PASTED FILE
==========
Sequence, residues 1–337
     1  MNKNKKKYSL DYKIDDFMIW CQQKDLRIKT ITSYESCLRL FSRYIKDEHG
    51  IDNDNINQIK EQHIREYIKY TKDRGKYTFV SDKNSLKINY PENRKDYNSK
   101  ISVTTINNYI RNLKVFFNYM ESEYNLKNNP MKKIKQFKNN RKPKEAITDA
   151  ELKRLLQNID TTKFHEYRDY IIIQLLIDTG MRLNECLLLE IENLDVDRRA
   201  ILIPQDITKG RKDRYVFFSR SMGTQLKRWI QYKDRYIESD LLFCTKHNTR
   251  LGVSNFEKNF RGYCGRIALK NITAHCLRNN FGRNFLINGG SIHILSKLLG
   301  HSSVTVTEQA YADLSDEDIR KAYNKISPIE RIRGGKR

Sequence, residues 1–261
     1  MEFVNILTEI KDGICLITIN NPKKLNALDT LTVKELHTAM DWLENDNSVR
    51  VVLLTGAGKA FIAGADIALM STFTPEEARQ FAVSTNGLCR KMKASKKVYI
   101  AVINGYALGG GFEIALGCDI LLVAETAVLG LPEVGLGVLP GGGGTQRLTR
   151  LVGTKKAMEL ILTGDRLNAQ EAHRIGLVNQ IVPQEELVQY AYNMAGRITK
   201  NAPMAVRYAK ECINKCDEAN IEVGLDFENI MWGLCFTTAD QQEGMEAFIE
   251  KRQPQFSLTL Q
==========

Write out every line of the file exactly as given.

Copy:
Sequence, residues 1–337
     1  MNKNKKKYSL DYKIDDFMIW CQQKDLRIKT ITSYESCLRL FSRYIKDEHG
    51  IDNDNINQIK EQHIREYIKY TKDRGKYTFV SDKNSLKINY PENRKDYNSK
   101  ISVTTINNYI RNLKVFFNYM ESEYNLKNNP MKKIKQFKNN RKPKEAITDA
   151  ELKRLLQNID TTKFHEYRDY IIIQLLIDTG MRLNECLLLE IENLDVDRRA
   201  ILIPQDITKG RKDRYVFFSR SMGTQLKRWI QYKDRYIESD LLFCTKHNTR
   251  LGVSNFEKNF RGYCGRIALK NITAHCLRNN FGRNFLINGG SIHILSKLLG
   301  HSSVTVTEQA YADLSDEDIR KAYNKISPIE RIRGGKR

Sequence, residues 1–261
     1  MEFVNILTEI KDGICLITIN NPKKLNALDT LTVKELHTAM DWLENDNSVR
    51  VVLLTGAGKA FIAGADIALM STFTPEEARQ FAVSTNGLCR KMKASKKVYI
   101  AVINGYALGG GFEIALGCDI LLVAETAVLG LPEVGLGVLP GGGGTQRLTR
   151  LVGTKKAMEL ILTGDRLNAQ EAHRIGLVNQ IVPQEELVQY AYNMAGRITK
   201  NAPMAVRYAK ECINKCDEAN IEVGLDFENI MWGLCFTTAD QQEGMEAFIE
   251  KRQPQFSLTL Q